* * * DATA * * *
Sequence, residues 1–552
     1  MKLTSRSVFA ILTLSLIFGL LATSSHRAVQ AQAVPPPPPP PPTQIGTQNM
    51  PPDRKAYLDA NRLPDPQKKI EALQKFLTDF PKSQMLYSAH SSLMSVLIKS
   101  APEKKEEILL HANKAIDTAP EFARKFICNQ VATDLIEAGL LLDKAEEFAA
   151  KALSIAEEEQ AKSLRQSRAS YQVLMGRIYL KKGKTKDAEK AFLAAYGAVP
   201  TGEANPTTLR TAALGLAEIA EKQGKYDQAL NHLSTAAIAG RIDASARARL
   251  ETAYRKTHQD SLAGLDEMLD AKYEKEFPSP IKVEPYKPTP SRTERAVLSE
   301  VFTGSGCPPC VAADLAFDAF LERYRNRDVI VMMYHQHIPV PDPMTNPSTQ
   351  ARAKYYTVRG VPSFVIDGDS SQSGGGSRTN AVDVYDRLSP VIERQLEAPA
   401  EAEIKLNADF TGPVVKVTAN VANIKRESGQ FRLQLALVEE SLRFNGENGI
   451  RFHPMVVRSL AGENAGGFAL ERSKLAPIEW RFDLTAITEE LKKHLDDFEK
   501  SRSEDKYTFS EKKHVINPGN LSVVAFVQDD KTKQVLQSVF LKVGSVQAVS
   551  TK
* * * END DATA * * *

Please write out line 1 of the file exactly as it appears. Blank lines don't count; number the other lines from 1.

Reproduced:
Sequence, residues 1–552